Sunday, March 25, 2007

Review: The Conformist

Finally released on DVD in December, Bernardo Bertolucci’s 1970 masterpiece, The Conformist, offers a fascinating character study with key themes of sexual repression, a haunting from the past, and of course, conformity. But more importantly, it closely examines the nearly-forgotten, though imitated, political ideology of fascism. With the creepy use of shadows, spacious shots and decor, Bertolucci’s artistic vision lies somewhere between Antonioni art house and a Kubrick mind-bender. Don’t be scared away by the artistic tag though; the story shines as well, along with Jean-Louis Trintignant’s fantasic portrayal of the tormented protagonist Marcello. Adapted from Alberto Moravia’s novel of the same title, The Conformist might be the finest political film ever made focusing on ideology rather than a political process.

As the movie opens, we see Marcello deep in thought while awaiting a phone call, which then reveals that he is on an assassination mission and that he has second thoughts because his intended target has an unexpected guest. Told through a series of flashbacks, we quickly learn that Marcello’s ultimate goal is conformity, a sense of feeling normal, which he lacks because of a horrific event as a child. The first flashback has Marcello explaining this desperate need to feel normal, and his plans to marry a naïve and nearly-intolerable Giulia, to his blind friend Italo. The impending marriage is Marcello’s first attempt at normalcy, but only by becoming a key component in Mussolini’s fascist machine can Marcello’s true conformity be complete. The Conformist’s political tone is set as Italo arranges this government position for Marcello, and then delivers a fascist doctrine radio address about the future comradery of Mussolini’s Italy and Hitler’s Germany.

Though Marcello’s relationship with Giulia never seems quite normal, we don’t learn why until he relives the childhood memory of being sexually abused at the hands of Lino, a disturbing limo driver who Marcello accidentally shoots, and assumingly kills, while handling his gun. Likewise, we don’t fully understand the impact this childhood trauma had on Marcello until he goes to confession, at the urging of Giulia, and not only glibly explains this episode to the priest, but also contemptuously describes his new government position as one who tracks down anti-fascists. Bertolucci’s twisting, non-linear narrative wastes no time in establishing the fact that Marcello’s commitment to fascism doesn’t seem to be driven by the same authoritarian, extreme nationalism and anti-liberalism attitudes as other Mussolini followers; his loyalty might be as a political opportunist.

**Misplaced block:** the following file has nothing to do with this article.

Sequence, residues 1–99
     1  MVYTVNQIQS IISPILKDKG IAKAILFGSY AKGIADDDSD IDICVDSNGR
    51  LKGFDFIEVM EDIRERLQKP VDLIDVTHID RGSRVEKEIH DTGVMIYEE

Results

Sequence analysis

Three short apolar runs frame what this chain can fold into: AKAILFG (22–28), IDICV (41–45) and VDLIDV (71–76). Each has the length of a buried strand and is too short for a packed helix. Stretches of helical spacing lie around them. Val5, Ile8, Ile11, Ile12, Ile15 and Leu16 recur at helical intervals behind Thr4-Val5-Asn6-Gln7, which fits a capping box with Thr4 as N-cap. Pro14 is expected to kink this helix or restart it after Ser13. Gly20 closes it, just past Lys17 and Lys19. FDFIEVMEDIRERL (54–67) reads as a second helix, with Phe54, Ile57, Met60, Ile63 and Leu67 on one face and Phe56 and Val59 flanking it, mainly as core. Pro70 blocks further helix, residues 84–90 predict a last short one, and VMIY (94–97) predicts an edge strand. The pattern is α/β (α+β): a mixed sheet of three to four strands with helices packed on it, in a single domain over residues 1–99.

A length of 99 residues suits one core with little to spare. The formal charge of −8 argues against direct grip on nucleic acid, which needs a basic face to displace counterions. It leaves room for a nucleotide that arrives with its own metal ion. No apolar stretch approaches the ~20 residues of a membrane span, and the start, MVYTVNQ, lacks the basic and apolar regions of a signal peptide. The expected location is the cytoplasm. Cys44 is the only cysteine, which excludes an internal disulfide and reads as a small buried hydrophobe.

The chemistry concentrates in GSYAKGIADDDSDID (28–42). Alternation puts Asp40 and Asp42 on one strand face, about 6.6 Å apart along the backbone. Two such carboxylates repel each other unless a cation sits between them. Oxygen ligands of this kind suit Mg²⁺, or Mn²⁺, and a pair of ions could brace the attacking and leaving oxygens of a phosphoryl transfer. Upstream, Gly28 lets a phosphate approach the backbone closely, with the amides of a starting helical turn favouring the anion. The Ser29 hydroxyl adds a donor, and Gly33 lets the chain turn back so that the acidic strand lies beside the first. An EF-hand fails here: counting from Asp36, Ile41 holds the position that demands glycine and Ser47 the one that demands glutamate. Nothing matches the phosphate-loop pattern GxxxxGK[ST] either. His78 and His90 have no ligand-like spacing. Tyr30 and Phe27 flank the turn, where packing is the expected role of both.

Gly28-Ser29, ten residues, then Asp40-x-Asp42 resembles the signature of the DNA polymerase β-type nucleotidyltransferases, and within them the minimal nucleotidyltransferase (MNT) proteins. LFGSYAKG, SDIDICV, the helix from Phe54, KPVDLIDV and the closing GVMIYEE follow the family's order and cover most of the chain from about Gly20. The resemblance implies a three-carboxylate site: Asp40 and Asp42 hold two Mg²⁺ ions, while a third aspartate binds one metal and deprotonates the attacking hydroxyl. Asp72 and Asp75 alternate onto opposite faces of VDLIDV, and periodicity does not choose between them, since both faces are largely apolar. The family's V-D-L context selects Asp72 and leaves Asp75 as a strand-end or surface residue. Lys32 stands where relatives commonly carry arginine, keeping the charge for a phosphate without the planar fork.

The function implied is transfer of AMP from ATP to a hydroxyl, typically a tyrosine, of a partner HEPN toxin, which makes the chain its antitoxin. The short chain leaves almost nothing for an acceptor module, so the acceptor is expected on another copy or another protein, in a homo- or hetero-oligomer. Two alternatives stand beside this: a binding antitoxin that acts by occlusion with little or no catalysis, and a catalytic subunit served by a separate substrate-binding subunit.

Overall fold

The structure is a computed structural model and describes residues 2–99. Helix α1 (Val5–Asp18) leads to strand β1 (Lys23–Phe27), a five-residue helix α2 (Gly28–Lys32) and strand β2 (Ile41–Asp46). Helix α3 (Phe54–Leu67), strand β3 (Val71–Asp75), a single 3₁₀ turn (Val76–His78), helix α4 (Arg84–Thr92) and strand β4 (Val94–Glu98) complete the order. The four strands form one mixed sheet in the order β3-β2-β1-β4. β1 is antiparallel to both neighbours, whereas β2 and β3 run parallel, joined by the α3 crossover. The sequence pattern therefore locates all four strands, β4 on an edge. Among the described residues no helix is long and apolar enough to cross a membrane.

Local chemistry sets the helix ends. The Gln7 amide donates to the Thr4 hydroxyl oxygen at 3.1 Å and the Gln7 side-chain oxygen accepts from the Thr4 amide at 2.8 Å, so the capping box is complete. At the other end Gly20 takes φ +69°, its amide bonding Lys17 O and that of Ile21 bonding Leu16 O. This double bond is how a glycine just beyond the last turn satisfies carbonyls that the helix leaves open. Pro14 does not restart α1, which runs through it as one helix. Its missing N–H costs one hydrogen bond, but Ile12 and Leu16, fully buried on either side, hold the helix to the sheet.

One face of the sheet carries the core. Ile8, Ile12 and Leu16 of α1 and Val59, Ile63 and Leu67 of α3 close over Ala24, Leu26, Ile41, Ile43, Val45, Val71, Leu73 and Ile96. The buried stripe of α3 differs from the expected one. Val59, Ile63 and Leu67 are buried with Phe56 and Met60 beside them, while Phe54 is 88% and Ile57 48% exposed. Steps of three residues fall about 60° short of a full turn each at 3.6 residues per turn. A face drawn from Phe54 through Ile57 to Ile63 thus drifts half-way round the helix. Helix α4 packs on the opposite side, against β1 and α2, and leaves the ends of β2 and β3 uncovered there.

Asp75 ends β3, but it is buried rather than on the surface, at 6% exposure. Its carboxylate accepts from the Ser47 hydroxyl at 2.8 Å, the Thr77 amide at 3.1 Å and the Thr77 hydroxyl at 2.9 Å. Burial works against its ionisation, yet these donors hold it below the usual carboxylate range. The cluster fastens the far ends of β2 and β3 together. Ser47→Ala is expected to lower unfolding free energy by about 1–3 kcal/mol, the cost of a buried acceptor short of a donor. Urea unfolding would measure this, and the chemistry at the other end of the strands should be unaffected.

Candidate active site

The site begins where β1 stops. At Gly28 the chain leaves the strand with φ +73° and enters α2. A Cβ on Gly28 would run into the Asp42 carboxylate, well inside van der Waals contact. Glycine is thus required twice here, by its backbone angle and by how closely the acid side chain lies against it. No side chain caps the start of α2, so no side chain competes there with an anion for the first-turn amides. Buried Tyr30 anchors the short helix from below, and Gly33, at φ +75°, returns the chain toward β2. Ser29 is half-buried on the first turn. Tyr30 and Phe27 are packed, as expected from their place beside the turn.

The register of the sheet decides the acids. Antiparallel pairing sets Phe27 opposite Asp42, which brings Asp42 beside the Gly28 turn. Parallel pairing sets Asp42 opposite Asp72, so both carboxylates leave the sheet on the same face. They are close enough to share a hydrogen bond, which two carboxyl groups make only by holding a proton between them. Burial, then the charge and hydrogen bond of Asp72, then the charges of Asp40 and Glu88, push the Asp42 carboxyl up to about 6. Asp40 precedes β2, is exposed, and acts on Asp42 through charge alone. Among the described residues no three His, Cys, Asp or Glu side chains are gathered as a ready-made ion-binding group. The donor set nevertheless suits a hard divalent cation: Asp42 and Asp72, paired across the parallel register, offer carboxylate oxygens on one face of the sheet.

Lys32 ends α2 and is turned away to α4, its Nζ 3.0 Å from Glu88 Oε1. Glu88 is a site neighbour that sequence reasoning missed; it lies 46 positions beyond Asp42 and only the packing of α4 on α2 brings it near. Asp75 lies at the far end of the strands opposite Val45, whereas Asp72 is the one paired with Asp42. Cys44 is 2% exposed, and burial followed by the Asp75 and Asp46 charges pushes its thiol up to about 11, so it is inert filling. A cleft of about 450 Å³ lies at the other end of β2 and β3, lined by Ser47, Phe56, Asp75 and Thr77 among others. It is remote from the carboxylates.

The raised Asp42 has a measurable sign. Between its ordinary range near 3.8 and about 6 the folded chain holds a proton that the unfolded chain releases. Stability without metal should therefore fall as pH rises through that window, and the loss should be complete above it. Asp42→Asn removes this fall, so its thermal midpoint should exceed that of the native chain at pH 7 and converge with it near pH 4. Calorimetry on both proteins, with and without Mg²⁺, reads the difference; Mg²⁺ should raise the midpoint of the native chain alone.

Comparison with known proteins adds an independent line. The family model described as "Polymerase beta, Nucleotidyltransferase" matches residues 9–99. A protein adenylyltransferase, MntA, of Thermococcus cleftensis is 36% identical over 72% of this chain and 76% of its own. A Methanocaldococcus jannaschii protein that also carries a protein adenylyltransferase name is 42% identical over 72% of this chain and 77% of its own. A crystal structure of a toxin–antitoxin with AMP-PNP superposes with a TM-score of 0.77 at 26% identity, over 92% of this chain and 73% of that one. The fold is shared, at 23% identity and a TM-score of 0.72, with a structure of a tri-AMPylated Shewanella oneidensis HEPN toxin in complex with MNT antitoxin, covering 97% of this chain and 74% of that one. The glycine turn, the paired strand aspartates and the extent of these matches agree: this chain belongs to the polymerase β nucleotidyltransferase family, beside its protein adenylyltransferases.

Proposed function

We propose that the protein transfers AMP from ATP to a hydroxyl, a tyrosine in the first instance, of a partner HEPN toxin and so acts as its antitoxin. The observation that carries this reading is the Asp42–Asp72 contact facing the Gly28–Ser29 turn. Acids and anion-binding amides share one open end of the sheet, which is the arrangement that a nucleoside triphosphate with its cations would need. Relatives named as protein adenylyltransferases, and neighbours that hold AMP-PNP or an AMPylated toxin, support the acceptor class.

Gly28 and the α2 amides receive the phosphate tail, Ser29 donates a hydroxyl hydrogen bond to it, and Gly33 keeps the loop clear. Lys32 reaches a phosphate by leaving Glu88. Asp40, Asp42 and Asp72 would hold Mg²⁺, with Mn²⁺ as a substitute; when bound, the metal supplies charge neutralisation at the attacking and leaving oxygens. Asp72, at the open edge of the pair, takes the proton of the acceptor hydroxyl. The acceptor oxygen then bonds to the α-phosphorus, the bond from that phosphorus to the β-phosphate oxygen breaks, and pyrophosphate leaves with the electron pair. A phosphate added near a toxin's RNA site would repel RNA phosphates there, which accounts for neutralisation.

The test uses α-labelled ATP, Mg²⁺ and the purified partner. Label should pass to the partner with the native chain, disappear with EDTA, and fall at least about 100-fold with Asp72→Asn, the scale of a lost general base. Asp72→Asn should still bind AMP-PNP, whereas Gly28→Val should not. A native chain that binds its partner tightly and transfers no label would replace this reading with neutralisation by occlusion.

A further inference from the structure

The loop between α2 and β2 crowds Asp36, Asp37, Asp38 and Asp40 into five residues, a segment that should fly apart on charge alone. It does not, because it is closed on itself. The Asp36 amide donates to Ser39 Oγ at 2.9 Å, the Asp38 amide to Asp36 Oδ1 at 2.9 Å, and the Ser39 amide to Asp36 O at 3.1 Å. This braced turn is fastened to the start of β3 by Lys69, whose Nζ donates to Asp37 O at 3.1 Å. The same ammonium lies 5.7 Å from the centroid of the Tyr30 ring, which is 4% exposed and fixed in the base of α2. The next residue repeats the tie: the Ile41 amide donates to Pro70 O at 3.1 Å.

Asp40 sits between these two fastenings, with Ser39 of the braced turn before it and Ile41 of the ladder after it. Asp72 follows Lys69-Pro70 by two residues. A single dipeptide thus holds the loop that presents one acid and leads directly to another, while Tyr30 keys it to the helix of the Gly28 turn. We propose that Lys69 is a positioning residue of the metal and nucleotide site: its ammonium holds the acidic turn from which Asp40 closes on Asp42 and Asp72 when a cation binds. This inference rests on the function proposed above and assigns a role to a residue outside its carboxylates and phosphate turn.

While Italian Fascism in the 1930s represented the extreme repression of free thought in favor of xenophobia and patriotism, Paris in the 1930s represented just the opposite – the epicenter of free-expression and individualism. Knowing that Marcello and Giulia are going to honeymoon in Paris, Mussolini’s secret police hand Marcello his first assignment – to assassinate Luca Quadri, a famed anti-fascist and Italian exile now living there. Although the connection isn’t too sentimental, we learn that Professor Quadri was Marcello’s college mentor and that Marcello was once an ardent follower of a different ideology when it was fashionable. Upon arranging a meeting with Quadri, Marcello meets Anna, Quadri’s much-younger and seductive wife. Marcello is infatuated with Anna, but Anna’s sexual excitement is clearly driven by Giulia – or perhaps both Giulia and Marcello.

Closely hawked by Manganiello, his burly secret police assistant, Marcello has trouble completing his mission, probably as much because of his cowardice as his feelings for Anna, so extra agents are brought in to assure Quadri’s assassination. During his trip to Paris, Marcello never overtly diverges from the idea that the intellectual professor must be assassinated, but he seems at least willing to accept the fact that differing people and differing political philosophies can exist. The building tension finally climaxes via a final flashback as we see Marcello’s true cowardice revealed in an eerily-shadowed, snow-covered forest. But it is not until the film’s closing scene that we see Marcello yet again attempt to conform to societal standards: as the fascist regime is crumbling around him, he publicly outs his dear friend Italo as a member of Mussolini’s government and in true delusion points to his past abuser Lino as the one who actually killed Professor Quadri.

Throughout the work, it became clear that Marcello’s loyalty was indeed more than political opportunism; it served as a refuge – a hiding place – from his suppressed homosexuality, which he sees as a mental pollution. Using Marcello’s psyche to explain fascism and his sexual repression to explain conformity, Bertolucci correctly links the two together. Indeed, the totality of Wilhelm Reich’s argument, in his classic work The Mass Psychology of Fascism (1933), is that fascist governments and fascist economic policies are reactionary measures rooted in sexual repression. Other themes buried in The Conformist are the class struggle existent in World War II-era Europe and the inexplicable link between sex, violence, and politics. Often hailed as a visual masterpiece and one of the most influential movies of all-time because of its cinematography, The Conformist is one of the rare relatively-unknown gems that can transform the way one watches movies.